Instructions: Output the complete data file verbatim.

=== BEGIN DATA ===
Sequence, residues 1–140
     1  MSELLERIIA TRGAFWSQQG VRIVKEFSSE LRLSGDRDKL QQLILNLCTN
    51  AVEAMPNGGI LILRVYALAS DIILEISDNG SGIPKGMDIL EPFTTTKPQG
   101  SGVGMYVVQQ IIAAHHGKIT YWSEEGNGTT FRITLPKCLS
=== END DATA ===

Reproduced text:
Sequence, residues 1–140
     1  MSELLERIIA TRGAFWSQQG VRIVKEFSSE LRLSGDRDKL QQLILNLCTN
    51  AVEAMPNGGI LILRVYALAS DIILEISDNG SGIPKGMDIL EPFTTTKPQG
   101  SGVGMYVVQQ IIAAHHGKIT YWSEEGNGTT FRITLPKCLS